Saint Louis University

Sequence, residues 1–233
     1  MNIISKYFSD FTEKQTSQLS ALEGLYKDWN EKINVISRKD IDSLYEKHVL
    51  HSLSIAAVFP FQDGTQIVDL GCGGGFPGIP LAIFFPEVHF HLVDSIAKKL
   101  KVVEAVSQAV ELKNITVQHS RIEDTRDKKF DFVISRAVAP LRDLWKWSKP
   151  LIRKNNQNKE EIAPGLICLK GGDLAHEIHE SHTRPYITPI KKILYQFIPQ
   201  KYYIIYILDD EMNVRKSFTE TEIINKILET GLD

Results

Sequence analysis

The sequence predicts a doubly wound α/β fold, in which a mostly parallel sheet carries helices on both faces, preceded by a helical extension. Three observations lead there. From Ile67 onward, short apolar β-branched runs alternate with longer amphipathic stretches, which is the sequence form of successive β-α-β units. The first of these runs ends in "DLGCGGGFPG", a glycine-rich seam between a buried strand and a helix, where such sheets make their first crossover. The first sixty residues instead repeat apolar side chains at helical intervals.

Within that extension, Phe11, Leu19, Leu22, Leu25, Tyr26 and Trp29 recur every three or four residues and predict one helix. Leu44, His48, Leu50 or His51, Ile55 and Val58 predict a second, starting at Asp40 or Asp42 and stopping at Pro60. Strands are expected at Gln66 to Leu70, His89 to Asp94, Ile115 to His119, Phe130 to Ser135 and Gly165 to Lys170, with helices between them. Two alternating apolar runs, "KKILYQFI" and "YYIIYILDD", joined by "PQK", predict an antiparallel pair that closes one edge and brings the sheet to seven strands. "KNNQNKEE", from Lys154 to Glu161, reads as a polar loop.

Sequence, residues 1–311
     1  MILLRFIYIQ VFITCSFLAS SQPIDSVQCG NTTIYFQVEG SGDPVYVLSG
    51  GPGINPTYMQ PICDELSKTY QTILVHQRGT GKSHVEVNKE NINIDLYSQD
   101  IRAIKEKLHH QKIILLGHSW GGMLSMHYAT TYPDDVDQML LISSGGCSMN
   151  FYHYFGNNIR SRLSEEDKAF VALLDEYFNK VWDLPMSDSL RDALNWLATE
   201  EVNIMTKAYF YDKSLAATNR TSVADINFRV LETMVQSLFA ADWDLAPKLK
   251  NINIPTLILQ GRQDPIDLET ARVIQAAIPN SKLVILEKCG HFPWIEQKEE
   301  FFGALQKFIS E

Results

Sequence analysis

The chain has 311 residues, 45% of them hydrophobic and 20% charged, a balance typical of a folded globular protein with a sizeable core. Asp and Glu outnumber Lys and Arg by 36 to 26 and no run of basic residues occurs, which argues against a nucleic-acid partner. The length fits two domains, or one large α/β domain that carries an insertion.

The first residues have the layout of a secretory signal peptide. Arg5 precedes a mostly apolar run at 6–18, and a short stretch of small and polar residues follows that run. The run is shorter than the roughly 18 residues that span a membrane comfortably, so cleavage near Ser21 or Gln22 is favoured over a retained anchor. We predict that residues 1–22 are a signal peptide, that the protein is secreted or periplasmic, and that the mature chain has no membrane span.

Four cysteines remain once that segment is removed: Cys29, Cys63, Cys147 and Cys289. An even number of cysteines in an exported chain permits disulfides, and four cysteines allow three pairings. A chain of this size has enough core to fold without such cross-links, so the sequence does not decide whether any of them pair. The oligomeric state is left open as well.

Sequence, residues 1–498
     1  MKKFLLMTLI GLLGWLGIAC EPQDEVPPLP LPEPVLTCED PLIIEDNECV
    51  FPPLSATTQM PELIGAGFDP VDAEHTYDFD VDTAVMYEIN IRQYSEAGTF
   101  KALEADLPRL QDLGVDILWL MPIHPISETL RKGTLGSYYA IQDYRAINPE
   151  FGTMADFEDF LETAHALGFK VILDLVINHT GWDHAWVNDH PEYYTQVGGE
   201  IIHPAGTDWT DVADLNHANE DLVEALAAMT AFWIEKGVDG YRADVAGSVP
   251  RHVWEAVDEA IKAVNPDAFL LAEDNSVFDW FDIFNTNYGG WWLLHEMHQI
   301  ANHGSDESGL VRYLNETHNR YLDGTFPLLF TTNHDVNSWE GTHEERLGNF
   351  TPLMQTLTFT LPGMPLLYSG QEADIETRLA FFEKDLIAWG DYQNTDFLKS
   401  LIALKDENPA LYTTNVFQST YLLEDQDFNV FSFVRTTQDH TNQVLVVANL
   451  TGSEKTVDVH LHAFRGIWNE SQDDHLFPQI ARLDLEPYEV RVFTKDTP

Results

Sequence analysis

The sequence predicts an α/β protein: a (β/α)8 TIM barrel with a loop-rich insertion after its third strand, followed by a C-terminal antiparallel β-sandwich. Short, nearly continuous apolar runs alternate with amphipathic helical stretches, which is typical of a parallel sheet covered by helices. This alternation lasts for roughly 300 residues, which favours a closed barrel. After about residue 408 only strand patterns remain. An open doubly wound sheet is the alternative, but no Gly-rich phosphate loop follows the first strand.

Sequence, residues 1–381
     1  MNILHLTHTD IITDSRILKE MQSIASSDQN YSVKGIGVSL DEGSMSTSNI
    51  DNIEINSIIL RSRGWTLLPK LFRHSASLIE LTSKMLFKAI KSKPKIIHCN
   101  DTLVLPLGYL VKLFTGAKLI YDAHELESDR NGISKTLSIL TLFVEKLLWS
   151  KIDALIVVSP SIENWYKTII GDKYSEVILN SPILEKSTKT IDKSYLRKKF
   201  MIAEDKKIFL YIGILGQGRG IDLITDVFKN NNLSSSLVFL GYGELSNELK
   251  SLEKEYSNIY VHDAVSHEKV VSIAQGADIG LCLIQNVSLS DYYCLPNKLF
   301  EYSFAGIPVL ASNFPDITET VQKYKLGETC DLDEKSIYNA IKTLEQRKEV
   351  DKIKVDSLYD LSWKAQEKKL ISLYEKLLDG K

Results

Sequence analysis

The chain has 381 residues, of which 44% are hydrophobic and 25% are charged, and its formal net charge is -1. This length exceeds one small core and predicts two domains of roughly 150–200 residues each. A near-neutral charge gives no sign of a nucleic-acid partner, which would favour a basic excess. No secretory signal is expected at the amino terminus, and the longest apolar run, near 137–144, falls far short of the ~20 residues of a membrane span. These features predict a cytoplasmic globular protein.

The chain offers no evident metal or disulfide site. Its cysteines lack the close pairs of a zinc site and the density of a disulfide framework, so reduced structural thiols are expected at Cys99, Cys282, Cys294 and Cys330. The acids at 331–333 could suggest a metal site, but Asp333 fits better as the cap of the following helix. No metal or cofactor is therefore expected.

Saint Louis University is a private Roman Catholic four-year research university with campuses in St. Louis, United States and Madrid, Spain. Founded in 1818 by Louis Guillaume Valentin Dubourg, It is the oldest university west of the Mississippi River and the second-oldest Jesuit university in the United States, it is one of 28 member institutions of the Association of Jesuit Universities. The university is accredited by the North Central Association of Secondary Schools. SLU's athletic teams are a member of the Atlantic 10 Conference, it has an enrollment of 12,649 students, including 7,984 undergraduate students and 4,665 graduate students that represents all 50 states and more than 70 foreign countries. Its average class size is 23.8 and the student-faculty ratio is 9:1. For nearly 50 years the university has maintained a campus in Spain; the Madrid campus was the first freestanding campus operated by an American university in Europe and the first American institution to be recognized by Spain's higher education authority as an official foreign university.